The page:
And today, there was an ice-cream social at the building where I work. The ice-cream brought out all manners of cubicle dwellers. They even talked to each other!

The Incredible Lightness of Being Non-Fake

As you've probably noticed, I don't use the names of friends/family on this blog. They are entitled to their privacy. And since I blog under my real name, there are stories I don't tell either. Does this affect what I write about? You bet!

It's tempting to have the freedom to say whatever you want, under a cover of anonymity. But what happens if you're writing anonymously and someone "outs" you? Perhaps you have this reaction:
It happened to me, back in 1996. Some moron hack bloviating boulevardier editor doofus was having a drink with a humorless droid from that very same party-pooping organization that killed Fake Steve, and happened to mention my very well-kept secret identity. An article ensued, which attempted to inflict a mortal wound on my fake person. I survived, possibly because my fake personality has more friends than my real one. But I've never been able to be purely fake again.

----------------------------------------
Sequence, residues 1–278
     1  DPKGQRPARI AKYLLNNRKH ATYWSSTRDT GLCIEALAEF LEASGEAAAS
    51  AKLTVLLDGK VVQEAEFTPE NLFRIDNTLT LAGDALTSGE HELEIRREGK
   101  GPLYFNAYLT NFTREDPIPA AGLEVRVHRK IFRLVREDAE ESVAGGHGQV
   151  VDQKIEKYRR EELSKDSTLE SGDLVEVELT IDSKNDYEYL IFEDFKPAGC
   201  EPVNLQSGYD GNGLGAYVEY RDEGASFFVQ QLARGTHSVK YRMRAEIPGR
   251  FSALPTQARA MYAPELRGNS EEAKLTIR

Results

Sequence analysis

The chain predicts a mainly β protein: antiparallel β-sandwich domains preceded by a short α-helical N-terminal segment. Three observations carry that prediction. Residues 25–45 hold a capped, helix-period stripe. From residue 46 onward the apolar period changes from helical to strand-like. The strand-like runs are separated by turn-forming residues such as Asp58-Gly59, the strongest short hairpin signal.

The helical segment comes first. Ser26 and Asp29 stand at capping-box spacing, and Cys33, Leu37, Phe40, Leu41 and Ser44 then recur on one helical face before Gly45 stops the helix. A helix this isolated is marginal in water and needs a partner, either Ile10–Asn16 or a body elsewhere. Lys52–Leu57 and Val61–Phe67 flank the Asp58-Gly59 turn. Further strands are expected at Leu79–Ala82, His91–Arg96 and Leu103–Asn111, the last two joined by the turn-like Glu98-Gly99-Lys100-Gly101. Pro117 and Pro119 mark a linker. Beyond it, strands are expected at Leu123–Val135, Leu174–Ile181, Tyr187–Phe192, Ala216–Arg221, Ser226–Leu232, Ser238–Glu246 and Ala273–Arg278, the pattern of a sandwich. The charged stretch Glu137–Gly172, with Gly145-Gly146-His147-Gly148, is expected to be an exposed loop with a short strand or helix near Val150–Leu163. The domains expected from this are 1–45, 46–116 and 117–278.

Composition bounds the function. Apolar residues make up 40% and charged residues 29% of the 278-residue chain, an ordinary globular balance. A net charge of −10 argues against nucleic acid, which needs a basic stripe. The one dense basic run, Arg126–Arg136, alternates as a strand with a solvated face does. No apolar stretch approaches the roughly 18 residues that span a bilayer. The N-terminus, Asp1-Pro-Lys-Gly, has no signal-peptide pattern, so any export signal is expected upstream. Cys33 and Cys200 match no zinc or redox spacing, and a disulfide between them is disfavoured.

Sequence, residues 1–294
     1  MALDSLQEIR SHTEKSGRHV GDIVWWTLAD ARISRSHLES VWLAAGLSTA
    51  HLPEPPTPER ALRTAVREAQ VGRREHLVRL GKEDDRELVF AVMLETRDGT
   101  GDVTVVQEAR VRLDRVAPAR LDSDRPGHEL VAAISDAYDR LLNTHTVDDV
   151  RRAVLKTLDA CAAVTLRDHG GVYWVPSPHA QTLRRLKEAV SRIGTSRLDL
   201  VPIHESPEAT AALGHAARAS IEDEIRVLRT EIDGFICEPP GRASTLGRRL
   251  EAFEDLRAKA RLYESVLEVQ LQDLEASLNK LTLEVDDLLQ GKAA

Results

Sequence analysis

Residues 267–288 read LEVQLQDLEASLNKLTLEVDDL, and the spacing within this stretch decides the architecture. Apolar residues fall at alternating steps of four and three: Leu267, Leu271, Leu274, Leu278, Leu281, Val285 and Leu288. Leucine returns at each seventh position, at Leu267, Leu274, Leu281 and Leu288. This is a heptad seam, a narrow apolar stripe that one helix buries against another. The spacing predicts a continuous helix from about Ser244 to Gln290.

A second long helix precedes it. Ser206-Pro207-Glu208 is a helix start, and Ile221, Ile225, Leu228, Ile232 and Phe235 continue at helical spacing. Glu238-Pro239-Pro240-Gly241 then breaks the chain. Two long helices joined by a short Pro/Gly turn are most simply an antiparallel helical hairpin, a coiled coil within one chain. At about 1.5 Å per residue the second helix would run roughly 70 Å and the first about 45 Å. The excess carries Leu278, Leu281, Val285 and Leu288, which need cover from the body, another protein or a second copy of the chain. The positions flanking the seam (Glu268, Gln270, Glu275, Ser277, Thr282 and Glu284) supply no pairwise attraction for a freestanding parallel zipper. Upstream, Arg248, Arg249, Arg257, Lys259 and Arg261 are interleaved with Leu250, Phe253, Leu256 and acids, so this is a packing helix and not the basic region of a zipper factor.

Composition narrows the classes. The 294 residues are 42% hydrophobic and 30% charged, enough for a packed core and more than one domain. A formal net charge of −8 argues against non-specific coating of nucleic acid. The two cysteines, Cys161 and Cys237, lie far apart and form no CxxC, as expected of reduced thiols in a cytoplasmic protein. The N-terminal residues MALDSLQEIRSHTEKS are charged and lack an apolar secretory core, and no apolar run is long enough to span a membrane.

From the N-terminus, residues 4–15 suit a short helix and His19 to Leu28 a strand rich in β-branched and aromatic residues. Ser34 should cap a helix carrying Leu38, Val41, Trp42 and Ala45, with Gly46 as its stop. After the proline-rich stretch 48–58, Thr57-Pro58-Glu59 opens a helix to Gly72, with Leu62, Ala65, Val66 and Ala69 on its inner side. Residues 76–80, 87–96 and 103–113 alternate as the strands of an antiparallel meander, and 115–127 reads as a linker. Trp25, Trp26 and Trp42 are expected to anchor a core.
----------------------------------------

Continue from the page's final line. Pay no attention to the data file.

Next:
Maybe you are not important enough to be outed in the New York Times. But believe me, you're going to be outed all the same. [interesting story redacted here] If secrecy doesn't last even when it's backed up by the threat of a lawsuit, what hope do you have of maintaining anonymity?

Rather than risk going through a sinking feeling in my stomach, I just started out non-fake. I also save posts in my drafts folder. And go back and delete them after a few days, because by then it's obvious that it's a story that I can not relate in public.

Midsummer Night's Fair

Midsummer nights' fair runs this weekend at the park on Boyd and Flood in Norman. Some of the wife's pottery is on display at the Firehouse Art Center booth.

Food, food everywhere

You know that you are in Oklahoma when there's food, food everywhere.